Halloween nightmare averted as lost rings found
Nova Scotia woman threw her wedding band out by accident
A woman who lives in Nova Scotia's Annapolis Valley has vowed never to take her wedding ring off again after she wrapped it up in newspaper and threw it into the compost along with the guts of the pumpkin she'd carved with her son for Halloween.
Bonnie Pick-Melanson, of New Minas, was carving jack-o'-lanterns with her son earlier this week on a table covered with newspapers.
She took off her diamond engagement ring, her wedding band and another gold ring and placed them on the table because she didn't want them to get them "slimy."
"Before I knew it, we were done pumpkin carving and I just wrapped the newspaper up and never thought anything of it and put it into the compost bin," Pick-Melanson told CBC News on Thursday.
"Of course, the next morning, I just happened to be walking out and I noticed the truck go by and this awful gut feeling I had that my rings were in that truck at that point."
She raced into her home and her suspicions were confirmed — her rings, worth about $15,000, were nowhere to be found.
Pick-Melanson said she made a frantic call to the Valley Waste Resource Management Hotline and was told, "That's like finding a needle in a haystack."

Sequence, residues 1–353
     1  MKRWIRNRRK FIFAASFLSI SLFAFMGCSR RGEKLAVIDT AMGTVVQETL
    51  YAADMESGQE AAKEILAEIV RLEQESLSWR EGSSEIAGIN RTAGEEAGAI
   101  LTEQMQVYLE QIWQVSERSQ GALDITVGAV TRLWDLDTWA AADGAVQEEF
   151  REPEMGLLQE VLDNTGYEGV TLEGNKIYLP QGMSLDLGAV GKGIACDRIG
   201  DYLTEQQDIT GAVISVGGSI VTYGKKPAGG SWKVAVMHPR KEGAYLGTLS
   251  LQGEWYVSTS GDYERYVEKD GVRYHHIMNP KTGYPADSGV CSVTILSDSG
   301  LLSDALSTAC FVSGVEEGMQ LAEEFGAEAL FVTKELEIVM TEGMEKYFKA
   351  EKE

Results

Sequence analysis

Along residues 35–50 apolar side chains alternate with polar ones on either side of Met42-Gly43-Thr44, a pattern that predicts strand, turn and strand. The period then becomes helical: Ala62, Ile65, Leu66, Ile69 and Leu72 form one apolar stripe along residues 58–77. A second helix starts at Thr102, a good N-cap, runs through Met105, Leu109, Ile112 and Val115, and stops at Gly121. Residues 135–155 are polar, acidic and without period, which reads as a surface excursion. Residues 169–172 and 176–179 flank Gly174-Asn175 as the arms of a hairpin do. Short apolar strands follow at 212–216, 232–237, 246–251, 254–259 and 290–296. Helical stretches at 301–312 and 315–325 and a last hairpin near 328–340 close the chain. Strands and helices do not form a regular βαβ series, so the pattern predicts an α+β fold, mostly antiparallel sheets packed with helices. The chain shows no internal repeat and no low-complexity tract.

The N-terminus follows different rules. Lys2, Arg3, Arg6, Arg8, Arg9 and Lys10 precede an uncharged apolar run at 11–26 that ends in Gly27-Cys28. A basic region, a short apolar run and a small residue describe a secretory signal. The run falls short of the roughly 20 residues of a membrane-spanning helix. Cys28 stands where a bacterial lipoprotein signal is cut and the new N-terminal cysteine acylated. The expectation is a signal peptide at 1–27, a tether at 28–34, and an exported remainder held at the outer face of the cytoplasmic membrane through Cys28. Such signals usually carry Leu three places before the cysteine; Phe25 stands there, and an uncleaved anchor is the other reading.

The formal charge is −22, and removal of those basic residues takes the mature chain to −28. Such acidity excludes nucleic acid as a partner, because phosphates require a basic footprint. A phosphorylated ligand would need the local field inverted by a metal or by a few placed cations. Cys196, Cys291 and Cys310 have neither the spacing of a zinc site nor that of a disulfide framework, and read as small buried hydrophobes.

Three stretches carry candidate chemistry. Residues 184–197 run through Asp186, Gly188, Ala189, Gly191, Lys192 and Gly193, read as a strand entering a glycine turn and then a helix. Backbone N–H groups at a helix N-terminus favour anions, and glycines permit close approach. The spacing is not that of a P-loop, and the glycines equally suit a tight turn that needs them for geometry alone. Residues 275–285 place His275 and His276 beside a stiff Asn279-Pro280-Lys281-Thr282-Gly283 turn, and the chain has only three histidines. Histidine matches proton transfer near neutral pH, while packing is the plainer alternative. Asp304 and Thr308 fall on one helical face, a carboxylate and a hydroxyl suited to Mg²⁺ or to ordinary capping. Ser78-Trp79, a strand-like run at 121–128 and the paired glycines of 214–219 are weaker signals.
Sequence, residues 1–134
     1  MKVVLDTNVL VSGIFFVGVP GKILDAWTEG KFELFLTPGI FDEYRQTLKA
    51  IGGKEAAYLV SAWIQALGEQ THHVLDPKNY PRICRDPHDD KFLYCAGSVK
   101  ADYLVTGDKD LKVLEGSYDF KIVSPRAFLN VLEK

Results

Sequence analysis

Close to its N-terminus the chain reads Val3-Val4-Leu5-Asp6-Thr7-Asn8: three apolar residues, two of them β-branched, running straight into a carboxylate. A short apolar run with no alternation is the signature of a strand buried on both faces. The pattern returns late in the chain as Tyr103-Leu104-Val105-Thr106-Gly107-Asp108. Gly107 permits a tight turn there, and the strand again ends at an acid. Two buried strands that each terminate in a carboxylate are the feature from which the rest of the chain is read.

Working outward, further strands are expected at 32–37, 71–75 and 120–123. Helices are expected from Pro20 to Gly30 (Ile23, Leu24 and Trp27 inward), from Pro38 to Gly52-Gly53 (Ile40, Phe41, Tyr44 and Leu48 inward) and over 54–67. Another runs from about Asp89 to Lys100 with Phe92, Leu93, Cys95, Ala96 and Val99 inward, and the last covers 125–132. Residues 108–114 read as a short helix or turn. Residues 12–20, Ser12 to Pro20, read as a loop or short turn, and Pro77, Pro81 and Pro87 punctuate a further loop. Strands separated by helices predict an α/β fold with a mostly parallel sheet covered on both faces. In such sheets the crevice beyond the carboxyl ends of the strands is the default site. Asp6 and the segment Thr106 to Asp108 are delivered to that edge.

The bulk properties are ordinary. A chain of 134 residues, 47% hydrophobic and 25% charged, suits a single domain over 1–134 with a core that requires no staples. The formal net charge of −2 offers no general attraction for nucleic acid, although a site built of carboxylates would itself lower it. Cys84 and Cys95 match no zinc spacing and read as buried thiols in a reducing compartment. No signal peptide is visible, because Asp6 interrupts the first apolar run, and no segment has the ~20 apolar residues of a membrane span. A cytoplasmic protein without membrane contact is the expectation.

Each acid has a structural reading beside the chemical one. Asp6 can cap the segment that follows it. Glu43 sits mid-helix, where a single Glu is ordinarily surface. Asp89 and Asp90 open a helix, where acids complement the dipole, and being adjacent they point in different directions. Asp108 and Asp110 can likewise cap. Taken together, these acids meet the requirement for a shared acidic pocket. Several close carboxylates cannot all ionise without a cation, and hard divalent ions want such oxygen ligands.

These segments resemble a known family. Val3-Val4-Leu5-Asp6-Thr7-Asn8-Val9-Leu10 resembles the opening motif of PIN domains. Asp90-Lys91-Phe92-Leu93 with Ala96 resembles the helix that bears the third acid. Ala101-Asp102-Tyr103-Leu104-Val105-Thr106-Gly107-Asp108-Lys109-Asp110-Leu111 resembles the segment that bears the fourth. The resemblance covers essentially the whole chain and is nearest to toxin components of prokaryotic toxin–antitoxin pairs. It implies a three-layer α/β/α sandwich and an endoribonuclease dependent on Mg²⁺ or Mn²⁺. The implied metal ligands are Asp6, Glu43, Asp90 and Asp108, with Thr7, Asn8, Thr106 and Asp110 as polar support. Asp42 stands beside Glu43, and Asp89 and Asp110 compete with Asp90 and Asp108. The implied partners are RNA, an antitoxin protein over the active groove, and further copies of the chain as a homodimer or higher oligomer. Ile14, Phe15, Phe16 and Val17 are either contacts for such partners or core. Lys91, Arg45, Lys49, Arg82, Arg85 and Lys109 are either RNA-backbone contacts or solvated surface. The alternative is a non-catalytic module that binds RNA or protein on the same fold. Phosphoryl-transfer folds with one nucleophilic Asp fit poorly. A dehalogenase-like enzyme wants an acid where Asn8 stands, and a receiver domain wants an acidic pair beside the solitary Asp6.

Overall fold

"I don't care," she replied.
'I feel like I won the lottery'
Dale Roberts, a curbside inspector with Valley Waste Resource Management, said staff was able to contact the driver and stop him in the middle of his route. The driver then headed back to the depot with Pick-Melanson's precious rings somewhere in the back of his truck.
"The truck was almost loaded at the time so he just cut his run a little bit short and made it back here and luckily it wasn't an entire load, either," Roberts said.
"When that was dumped on the tipping floor here, there was a group of staff here that volunteered a few minutes of their time to go through it with rakes and hoes and picks and pull it all apart."
Pick-Melanson helped too, and Roberts soon found a bundled up newspaper containing the rings.
He said the chances of finding lost items from a dump truck are "almost slim to none."
"Bonnie had a very good description of what we would find them in. It had held completely intact. It hadn't opened at all," said Roberts.
"I was extremely surprised that we could find it and that we found it that quickly. It really took less than 10 minutes with Bonnie herself there helping and the various staff and even the driver."
Pick-Melanson said she wanted to thank the Valley Waste Resource Management staff for making sure her Halloween didn't turn into a nightmare.
"They're not coming off," she said of her rings.
"I feel like I won the lottery."